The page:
Blog Name Change

I changed the name of this blog (and the theme, incidentally). The old one has been irrelevant for a few years now, and as I am hoping to keep this up for the foreseeable future, I thought it was time for a change. Then again, I didn’t really think much about what to change it to, so we’ll see if this sticks.

Furthermore, that seems like a really silly reason to write a blog post on its own. So I thought that I would add that I have an article on wine in the ancient Mediterranean in the current Ancient History. For more about the issue, look here. Here’s a picture of the heading of my article:

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Seashells

But it is important what we make of these stories. What meaning we find in them, as wanderers by the seashore find first one shell, then another, and then form them into a chain of their own making.

Vandana Singh – “Somadeva: A Sky River Sutra”

At the start of this year Goodreads and publishers on Twitter did their usual thing of asking people what their ‘reading goals’ for the year are. I used to set myself reading goals, which I didn’t meet, until 2015 when I far exceeded my Goodreads challenge. Goodreads then proceeded to use my ‘achievement’ to shame my friends who had read far fewer books, failing to acknowledge (a) that some of those friends could not reach their targets for medical reasons and (b) that reading a ridiculous number of books – including some very good books – hadn’t stopped 2015 from being a pretty miserable year. For 2016, I resolved to read fewer books and it was a better year for me personally (despite the utter horror of events more broadly). In 2017 I repeated that resolution and added that I wanted to reflect more on the books I read, in part by trying to maintain this blog more regularly and in part, as Singh puts it in one of the short stories I have been reading this year, stringing more shells together as I read both fiction and non-fiction.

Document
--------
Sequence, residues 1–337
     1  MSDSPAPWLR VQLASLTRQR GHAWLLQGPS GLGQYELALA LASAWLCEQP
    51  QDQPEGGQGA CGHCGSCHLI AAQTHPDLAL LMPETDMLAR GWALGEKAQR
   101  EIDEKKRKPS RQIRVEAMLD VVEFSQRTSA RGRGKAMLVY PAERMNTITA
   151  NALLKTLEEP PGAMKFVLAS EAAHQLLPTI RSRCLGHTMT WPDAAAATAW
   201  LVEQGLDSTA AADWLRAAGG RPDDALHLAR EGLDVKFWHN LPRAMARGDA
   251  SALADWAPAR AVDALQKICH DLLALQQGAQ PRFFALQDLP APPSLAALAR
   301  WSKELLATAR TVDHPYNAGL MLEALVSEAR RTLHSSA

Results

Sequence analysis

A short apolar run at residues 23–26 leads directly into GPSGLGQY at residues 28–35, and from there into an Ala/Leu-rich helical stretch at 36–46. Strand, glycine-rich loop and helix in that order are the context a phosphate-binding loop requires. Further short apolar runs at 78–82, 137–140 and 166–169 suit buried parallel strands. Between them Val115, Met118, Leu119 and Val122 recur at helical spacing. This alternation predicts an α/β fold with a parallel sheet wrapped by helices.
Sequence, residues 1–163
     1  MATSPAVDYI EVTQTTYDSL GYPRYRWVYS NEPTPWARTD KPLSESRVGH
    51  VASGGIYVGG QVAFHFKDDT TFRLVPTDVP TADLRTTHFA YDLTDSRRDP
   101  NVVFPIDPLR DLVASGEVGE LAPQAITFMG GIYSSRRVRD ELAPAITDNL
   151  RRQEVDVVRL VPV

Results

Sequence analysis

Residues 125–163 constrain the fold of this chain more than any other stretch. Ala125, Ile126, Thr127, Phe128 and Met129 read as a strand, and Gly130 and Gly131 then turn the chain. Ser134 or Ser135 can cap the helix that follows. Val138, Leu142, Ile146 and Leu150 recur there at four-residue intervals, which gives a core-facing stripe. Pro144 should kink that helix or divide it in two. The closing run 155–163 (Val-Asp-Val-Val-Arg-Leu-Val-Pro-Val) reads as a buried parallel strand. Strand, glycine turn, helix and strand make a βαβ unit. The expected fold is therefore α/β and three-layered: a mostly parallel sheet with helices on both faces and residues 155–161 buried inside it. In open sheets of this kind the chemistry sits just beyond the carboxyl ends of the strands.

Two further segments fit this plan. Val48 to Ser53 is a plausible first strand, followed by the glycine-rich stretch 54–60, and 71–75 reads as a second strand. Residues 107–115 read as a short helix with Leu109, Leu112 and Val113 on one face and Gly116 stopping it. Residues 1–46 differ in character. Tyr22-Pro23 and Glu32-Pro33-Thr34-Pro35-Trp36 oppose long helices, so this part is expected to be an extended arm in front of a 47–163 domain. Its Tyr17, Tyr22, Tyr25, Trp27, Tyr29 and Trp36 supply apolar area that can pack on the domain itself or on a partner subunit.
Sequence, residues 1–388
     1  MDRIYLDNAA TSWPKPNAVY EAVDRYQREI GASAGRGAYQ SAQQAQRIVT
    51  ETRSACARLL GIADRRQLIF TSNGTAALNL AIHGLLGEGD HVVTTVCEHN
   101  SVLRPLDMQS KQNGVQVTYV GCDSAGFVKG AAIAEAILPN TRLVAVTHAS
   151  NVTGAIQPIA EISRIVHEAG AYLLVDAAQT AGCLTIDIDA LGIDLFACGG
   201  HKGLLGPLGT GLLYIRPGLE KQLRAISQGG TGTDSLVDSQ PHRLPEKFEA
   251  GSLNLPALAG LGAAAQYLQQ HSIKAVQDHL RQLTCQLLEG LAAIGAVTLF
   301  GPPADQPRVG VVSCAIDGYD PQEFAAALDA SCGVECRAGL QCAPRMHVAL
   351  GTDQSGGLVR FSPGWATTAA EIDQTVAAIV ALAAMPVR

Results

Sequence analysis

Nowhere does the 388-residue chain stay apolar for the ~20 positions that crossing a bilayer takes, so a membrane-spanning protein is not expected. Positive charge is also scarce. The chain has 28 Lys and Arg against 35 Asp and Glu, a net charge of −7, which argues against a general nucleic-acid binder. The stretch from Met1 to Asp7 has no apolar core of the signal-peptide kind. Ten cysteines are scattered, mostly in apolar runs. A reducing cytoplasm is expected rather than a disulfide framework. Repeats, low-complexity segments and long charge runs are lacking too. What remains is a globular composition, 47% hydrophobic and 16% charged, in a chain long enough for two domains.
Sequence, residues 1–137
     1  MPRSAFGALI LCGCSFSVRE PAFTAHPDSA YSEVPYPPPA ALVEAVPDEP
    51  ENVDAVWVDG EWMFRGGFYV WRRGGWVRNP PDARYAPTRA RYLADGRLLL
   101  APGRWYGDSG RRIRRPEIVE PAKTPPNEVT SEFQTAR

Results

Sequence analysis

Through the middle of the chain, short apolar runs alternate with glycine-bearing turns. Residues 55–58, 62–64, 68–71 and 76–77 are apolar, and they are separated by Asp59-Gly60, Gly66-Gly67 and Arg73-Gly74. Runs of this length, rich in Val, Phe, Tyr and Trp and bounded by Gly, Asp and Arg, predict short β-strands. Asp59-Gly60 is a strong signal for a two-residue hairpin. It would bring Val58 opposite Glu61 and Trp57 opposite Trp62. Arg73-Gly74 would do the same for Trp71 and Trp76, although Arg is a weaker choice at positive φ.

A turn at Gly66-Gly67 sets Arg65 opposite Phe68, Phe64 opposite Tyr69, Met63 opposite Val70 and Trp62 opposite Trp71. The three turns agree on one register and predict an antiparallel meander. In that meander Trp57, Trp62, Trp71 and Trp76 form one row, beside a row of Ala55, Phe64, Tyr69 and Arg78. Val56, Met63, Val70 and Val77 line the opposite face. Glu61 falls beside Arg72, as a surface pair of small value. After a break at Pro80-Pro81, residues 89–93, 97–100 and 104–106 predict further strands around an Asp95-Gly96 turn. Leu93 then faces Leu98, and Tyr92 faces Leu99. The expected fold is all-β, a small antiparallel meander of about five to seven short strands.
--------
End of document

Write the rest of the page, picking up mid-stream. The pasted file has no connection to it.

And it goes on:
[Content Warning for violence against women]

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Did the Trojan War Actually Happen?

According to the third-century BCE mathematician Eratosthenes, 11th June 1184 BCE was the date on which the Achaeans stormed the walls of Troy. That makes this Saturday, 11th June 2016, the 3,199th anniversary of the most famous military ambush of all time: the Trojan Horse. Of course, most of us accept that the Trojan War didn’t really happen, or at least that, if it did, elements such as the capture of Helen, the ten year long siege, and the Trojan Horse are mythological embellishments. But some people are more open-minded. Since Heinrich Schliemann’s excavations at Hisarlik, in modern Turkey, uncovered the remains of Troy some have felt that this supported the story of the war; others too have pointed to the Hittite texts which seem to reference a series of wars in northwest Anatolia as the ultimate proof that the Trojan War actually happened.